Frederick Williamson Bowls

Making a sander

To make a custom sander (everyone is a little different, this is the last one I made, trying to make it duplicable), I bolt on a 2.75" hard rubber sanding disc or a piece of 5/8" plywood to the Makita GV5000 shaft, tightening the nut firmly, as it will be buried from now on.  You can buy one refurbished for around $5 from various places, though it's the GV5010 that is more commonly available  these days.  I just got one on Amazon from ToolsNow.  The GV5010 is a bit heavier and a bit louder, though it seems to run a bit more smoothly and has a better locking button.


Here is the stock plastic sander disc, with the built-in steel washer with flats


Bandsaw the core of that disc small,



and then I turned that true, using the sander itself as a lathe



Some nice 5/8" plywood with countersink core drilled to fit plastic base



The sander ready to bolt plywood on securely, i.e. good and tight with the M8x20 socket screw that comes with the sander.
I have also skipped the hard plastic piece and simply glued a washer on the bottom of the plywood, with no counter sink hole,
and tightened that down real tight, and that seems to work about as well.



Sand the plywood true and slightly tapered



All the layers ready to glue up.  Each disc is larger ending up with leather around 4" diameter.  I find the ideal sanding diameter
  3 1/2 to 4".  A large mouth canning jar band is a fine template but a little small.  The small mouth will give you a 3" circle.
Spay the glue on all sides to be attached, leaning the two foams up against a waste block to reach the second sides.
Wait a minute or two until tack, the start assembling large to small:  3/4 yellow Duraflex foam on leather,
1/2" grey EVA foam on the yellow, and finally the whole stack onto the plywood. 

See the bottom of this page for the FoamOrder specs on the foam, or go to the Sanding Tips page.




Here are all the layers glued on, with the leather waiting to be trimmed by sharp scissors. 
The last two layers are the ones that get torn up in a catch or such while sanding, and often have to be replaced. 
Sometimes just the Duraflex needs to be replaced, but after several re-glues so much 3M90 builds up
on the leather that it becomes too stiff to keep using.
 


Then I hold the spinning composition against a stationary belt sander and work it to about a 45 degree bevel.   If all goes well it will run nice and true, but don't press too hard against the sander of the flex of the foam will lead to an oval disc.  Here is a recently constructed sander with a plywood substrate being sanded even on the belt sander.   Stop a few times and use scissors to cut off any leather that is running extra wide in places.  This will help the sander cut it clean and true in the end.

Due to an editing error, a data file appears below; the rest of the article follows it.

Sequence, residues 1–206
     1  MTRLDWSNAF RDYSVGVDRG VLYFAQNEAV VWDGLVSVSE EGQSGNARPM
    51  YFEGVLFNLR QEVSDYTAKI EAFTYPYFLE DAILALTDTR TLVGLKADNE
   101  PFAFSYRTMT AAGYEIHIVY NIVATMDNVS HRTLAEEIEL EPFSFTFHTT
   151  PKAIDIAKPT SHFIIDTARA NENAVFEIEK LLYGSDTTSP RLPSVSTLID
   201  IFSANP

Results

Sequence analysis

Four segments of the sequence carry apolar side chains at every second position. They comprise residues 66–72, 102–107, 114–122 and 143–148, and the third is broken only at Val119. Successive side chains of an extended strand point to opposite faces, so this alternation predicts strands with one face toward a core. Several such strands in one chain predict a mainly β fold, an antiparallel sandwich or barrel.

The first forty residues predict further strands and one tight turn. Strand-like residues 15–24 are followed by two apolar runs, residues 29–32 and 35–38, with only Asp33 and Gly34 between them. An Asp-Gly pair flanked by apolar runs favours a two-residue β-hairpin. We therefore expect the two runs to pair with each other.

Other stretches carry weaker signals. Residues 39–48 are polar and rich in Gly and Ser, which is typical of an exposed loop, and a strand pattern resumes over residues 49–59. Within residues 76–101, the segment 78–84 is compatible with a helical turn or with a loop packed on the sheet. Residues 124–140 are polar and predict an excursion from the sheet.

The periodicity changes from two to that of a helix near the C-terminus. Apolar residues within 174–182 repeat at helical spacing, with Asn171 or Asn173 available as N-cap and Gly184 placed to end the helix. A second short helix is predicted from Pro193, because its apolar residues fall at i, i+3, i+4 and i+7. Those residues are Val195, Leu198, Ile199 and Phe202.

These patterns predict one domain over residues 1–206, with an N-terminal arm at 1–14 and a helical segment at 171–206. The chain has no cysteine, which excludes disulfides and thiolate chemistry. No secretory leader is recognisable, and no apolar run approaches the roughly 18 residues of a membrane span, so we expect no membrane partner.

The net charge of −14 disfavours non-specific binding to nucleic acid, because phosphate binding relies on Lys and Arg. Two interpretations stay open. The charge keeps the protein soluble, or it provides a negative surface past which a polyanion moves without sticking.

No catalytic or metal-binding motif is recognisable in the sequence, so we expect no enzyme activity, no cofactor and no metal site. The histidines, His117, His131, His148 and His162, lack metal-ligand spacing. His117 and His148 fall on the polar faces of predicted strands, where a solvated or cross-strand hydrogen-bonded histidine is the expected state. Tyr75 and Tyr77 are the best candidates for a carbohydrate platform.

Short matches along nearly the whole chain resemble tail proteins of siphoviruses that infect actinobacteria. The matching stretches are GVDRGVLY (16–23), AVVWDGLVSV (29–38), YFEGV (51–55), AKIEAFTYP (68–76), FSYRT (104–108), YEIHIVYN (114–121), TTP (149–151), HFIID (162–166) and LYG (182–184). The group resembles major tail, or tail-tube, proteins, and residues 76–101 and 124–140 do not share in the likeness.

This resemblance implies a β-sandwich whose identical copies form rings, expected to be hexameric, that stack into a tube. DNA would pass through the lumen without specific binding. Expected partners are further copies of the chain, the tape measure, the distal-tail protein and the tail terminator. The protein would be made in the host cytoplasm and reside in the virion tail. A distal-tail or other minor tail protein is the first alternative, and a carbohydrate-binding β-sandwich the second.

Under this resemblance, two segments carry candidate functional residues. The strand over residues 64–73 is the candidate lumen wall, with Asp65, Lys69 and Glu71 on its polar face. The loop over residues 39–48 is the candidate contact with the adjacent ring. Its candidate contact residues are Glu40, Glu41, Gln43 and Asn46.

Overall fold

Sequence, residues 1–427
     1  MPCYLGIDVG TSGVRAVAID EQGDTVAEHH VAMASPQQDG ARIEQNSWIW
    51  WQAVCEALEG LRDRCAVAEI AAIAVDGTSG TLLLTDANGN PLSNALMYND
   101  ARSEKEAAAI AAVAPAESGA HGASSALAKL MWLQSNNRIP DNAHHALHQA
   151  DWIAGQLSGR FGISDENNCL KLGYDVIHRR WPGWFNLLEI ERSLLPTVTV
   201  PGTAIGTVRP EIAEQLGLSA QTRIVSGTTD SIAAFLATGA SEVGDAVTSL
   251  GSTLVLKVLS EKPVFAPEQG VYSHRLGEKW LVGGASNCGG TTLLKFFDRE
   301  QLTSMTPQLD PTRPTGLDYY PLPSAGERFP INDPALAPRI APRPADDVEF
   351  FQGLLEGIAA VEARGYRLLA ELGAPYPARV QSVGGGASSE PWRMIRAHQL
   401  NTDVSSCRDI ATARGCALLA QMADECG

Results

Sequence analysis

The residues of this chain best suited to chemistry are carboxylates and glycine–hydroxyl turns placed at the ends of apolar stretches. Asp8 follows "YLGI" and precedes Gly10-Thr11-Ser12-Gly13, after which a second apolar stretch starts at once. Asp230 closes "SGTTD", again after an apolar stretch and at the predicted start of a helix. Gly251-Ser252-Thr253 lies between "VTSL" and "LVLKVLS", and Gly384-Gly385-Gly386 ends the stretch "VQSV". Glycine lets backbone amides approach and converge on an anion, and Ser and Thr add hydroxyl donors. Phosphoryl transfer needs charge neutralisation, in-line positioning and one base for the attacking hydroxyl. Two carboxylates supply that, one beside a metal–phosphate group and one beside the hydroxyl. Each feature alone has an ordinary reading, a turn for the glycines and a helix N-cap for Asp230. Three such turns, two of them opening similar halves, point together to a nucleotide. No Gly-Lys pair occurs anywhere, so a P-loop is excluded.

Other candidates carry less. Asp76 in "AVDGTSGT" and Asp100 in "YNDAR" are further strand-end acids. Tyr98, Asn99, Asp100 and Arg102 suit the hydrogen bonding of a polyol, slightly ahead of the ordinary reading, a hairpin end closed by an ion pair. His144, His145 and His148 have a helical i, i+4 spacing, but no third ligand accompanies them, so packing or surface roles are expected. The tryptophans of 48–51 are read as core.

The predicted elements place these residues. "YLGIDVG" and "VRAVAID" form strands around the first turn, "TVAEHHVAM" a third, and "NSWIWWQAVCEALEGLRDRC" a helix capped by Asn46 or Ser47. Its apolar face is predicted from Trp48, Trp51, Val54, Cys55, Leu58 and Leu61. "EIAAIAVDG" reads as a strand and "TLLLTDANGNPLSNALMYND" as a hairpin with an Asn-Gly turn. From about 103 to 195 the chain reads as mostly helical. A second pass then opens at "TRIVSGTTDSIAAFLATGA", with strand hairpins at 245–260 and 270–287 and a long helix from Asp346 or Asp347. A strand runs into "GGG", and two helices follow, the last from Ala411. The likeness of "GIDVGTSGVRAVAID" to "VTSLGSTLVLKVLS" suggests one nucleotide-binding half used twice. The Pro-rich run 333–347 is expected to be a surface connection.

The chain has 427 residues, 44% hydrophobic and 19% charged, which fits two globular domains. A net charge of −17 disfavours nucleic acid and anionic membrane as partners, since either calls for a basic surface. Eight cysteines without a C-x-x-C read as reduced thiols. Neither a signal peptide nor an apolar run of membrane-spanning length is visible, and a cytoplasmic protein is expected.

The finished sander.




Alternatively, one can make up a detachable spin on base and glue the foam to that.   
the base plywood with 1.25 x 8 mm T nut on right, and with foam glued up to the sanded base on the left.
This way one Makita sander can serve all the made up discs with varying grits.




Here is the sanding disc with the 1.25 x 8mm bolt screwed into the Makita with locking nut acting as the shoulder




And a final alternative for chucking into a regular drill, a 1.25 x 8 mm bolt with head sawn off as a mandrel,
nut providing the shoulder to screw the sanding disc onto.



and the sanding disc with mandrel bolt screwed in.



Foam Resources

I use a foam-backed leather-faced sanding system.   I use the thinnest leather I can find, 0.03"-0.04" thick (0.5 - 0.8 mm).  You glue the smooth tanned side up.    A durable foam of correct density may be bought from foamorder.com.     Go to mattress foams, then conventional shapes, and choose rectangle: 
http://www.foamorder.com/custom_cuts.php?product=conventional&shape=1 
It is easy to enter a size such as .75” x 24” x 24”, and get a list of types, their prices, and descriptions.   I tried numerous types, and found the best for my sanding purposes to be the DuraFlex D44, with a density of 2.25 lb/ft3, and ILD 40.  It used to be the only blue one on the page, but my last batch was yellow.  A 2’ square piece 3/4" thick runs about $8.25 + shipping.  

For the denser grey foam that is applied below the DuraFlex D44, I use the EVA closed cell foam, available at Foamorder at http://www.foamorder.com/closedcell.html   A .2' square piece 1/2" thick runs $12 plus shipping.  I now go 3/4 thick.

The 3M 90 does not degrade the foam, though it does slowly de-bond after heavy use.  But at that price, no problems.  Just gluing on another piece when it gets too worn.  I used to use 3M 77 Spray Adhesive to glue the foam to sander, leather to foam, but I find the 3M 90 considerably superior in ease of application, tenaciousness of grip, and in resistance to heat.  It is well worth the extra dollars.  Insist on it.   Spray both sides and wait a minute or so until it is no longer wet but not altogether dry, and press together.   I can use it after only a few more minutes, though it is better to give it half an hour.  If the sander catches on an edge or in a crack and begins to rip loose, spray the 90 into the folded back leather, wait, and press to resume sanding.  But after you do this a few times the glue becomes too thick and stiff for smooth sanding.  When it comes time to replace the foam I take the time to sand the 3M 90 off the leather on the stationary belt sander before re-applying.